Unfortunately, we do in fact have many Christians in our country that do not understand the principles that traditional Christian teaching is built upon. I believe that is exactly what contributes most to 1) the many insufficient and inconsistent explanations put forth to support traditional marriage and 2) the way many proponents of same-sex “marriage” disregard any opposition to their belief as ignorant, hateful and fearful. But that is ignorance on both sides.
The Catholic Church has always based its understanding of human sexuality, marriage, and procreation on reason and Natural Law. It has consistently held this understanding since the beginning. And it is continually called upon to apply these same principles to new advances in science and culture.
We need to remember the reason for marriage in the first place. It is not because humans happen to enjoy sticking together in groups of two that marriage is considered such an important part of society. Marriage is an important part of our society – any society – because it is the vehicle within which new life is brought into this world.
And maybe that doesn’t seem like that big of a deal anymore because our culture is so bent on separating procreation, marriage, and sex in so many different ways. But if we view this scientifically and naturally, it’s the most fundamental building block of our existence. And it is there in its natural form – the way things were meant to be – that we find procreation, sex, and marriage all coexisting together in their proper place.
Whether you agree with that or not is another discussion entirely (here’s some additional reading explaining the basic theology of marriage). But let’s be clear: Marriage is unique in that it is this particular bond of relationship that creates the means of bringing about new life into this world. And it is the foundation of the family. At the most basic of all levels, this is our means of survival. So it involves procreation and therefore sexual complementarity.
This is absolutely and fundamentally different from anything a so-called same-sex “marriage” could ever be. In fact that’s why marriage can not actually exist between two people of the same sex. It’s impossible.
This is what the word marriage means. To redefine it to include same-sex unions is not to simply broaden the definition to include more people, be nice, or not discriminate. It is to fundamentally change the meaning of the word. It makes no sense to do that.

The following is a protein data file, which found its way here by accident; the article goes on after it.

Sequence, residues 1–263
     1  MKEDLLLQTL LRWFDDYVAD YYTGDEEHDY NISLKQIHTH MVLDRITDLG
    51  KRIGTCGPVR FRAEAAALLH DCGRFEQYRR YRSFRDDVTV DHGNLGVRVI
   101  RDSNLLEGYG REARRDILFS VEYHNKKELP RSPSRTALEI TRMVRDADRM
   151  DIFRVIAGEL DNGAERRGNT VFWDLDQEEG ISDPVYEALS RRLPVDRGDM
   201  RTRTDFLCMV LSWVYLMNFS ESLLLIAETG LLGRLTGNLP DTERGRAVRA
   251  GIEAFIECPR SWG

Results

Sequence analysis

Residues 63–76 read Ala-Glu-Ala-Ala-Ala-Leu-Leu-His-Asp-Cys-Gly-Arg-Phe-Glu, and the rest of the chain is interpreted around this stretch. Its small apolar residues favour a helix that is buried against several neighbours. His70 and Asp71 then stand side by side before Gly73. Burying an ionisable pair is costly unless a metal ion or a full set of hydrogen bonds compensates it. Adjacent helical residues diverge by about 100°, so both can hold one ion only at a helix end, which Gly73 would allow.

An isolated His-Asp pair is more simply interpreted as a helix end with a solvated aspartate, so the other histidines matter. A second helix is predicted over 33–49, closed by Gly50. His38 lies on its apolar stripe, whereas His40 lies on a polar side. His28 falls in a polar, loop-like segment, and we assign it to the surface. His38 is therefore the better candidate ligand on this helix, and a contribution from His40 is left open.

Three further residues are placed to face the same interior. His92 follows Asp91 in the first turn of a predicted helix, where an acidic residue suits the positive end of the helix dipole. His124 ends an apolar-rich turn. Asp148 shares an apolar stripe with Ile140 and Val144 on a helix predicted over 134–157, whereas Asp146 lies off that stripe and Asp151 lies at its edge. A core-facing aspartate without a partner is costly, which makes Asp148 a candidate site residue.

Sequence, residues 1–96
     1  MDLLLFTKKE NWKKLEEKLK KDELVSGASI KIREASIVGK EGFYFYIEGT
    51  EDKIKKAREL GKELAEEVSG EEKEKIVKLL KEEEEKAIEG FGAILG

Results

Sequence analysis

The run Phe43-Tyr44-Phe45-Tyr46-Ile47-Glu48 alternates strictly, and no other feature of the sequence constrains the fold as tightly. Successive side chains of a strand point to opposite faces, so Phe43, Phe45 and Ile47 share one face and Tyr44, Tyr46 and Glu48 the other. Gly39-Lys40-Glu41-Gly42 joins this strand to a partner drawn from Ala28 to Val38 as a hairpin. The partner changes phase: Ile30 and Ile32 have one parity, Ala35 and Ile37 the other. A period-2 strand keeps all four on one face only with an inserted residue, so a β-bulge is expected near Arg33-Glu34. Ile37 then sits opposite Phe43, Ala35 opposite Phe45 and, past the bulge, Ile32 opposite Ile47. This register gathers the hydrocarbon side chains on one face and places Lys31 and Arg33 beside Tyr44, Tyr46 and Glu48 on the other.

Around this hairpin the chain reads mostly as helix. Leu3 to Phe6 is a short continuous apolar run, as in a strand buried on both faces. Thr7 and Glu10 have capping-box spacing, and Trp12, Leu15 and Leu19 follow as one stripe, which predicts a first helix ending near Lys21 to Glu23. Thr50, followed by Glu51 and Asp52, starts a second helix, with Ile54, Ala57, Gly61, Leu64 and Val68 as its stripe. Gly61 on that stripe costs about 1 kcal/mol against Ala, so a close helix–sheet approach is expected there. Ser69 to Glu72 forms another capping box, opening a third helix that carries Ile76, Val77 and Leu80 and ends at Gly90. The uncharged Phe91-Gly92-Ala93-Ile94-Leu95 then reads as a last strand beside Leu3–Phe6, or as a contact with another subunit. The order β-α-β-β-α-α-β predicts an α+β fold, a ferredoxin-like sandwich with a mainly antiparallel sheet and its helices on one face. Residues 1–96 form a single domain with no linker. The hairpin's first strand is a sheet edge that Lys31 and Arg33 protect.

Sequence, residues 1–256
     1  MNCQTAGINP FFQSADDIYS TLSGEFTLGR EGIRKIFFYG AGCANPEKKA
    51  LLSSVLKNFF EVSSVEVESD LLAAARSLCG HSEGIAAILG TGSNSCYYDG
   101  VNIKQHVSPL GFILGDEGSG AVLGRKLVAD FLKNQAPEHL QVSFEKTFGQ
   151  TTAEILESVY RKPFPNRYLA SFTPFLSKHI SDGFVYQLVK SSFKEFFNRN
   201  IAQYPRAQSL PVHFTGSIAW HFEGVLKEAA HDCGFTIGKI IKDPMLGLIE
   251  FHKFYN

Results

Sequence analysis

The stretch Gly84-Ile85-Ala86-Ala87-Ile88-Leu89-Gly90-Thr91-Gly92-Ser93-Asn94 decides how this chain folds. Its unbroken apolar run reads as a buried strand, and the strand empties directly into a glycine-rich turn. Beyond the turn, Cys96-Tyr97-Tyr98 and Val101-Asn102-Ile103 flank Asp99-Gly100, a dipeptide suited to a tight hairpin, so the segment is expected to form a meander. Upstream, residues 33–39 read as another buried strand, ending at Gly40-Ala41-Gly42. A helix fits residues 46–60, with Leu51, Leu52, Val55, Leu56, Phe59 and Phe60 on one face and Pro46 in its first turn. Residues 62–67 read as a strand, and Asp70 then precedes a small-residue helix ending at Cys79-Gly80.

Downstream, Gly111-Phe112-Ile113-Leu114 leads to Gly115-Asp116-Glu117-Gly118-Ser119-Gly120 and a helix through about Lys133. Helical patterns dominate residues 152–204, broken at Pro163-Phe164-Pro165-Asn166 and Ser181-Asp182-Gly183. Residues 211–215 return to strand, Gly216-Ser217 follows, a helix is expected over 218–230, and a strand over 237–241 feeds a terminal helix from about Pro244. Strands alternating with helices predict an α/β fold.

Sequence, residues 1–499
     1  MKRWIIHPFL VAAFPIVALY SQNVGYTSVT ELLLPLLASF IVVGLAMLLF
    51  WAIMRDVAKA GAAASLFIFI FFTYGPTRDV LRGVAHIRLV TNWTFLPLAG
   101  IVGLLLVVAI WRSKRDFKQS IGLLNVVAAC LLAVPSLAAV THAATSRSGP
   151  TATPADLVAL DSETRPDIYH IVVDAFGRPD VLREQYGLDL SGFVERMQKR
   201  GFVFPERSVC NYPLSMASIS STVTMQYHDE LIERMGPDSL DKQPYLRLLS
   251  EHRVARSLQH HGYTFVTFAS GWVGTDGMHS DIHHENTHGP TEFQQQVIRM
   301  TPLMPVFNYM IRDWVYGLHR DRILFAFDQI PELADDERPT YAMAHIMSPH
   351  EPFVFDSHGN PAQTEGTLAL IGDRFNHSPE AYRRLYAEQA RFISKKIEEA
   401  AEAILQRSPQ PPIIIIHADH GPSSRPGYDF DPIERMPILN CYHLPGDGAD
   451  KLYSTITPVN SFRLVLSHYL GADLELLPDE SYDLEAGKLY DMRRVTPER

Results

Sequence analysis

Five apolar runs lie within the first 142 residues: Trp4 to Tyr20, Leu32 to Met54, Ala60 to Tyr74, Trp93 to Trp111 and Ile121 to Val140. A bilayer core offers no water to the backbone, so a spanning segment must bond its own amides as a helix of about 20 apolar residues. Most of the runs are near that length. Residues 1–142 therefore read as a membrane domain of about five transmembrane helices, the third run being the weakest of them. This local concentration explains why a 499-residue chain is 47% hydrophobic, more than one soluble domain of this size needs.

On one hand we have a union that is necessary to our existence as a species – it brings about new life. On the other hand we have two people of the same sex that love each other and want to be in a relationship. Should these two totally different things not be referred to as two separate, distinct words? Why would we want one word to refer to both of these things?
Language has to mean something. When it stops meaning something then it has stopped being language. If we are supposed to allow the definition of every word to continue to expand to include every single person’s own personal feelings of what a word shall mean – then language will eventually mean nothing.
We’ve already allowed our society to try and redefine marriage in this way too much already. That is much of our problem. Many people are inconsistent in their beliefs – Christians included. Our society says marriage is no longer a life-long commitment, it’s til whenever you break up. Sex is OK with anyone at anytime, instead of saved for marriage. And we can artificially create life in ourselves, in other people, in laboratories or wherever it is most convenient.
Marriage, sex, and procreation are all tied together by their very nature – not by religious dogma. Any time we separate any one of the three from the others we run into problems. And thank goodness we’ve had the Catholic Church around to keep them straight for us for so long. It is the one consistent voice that has not allowed the culture of the present day to sway what it proclaims as truth.
But no matter what you believe, why can’t people respect a word that has a very special and unique meaning to a large majority of people in this country? Why would they insist on changing it? After all, each person is free to ultimately believe what they want about it anyway?
The answer is that it is not only about semantics. It is about intolerance. There are some that simply do not respect and are not tolerant of others’ views with whom they disagree. They already protested the government, and the government gave them equal treatment under the law. So now they are protesting outside of churches. They are protesting anyone with which they disagree. And even more dangerously, they want to use the courts to change the meaning of a word that has been defined for thousands of years in order to try and shove their own ideology down the throats of those that hold a different definition.
All in the name of tolerance and love.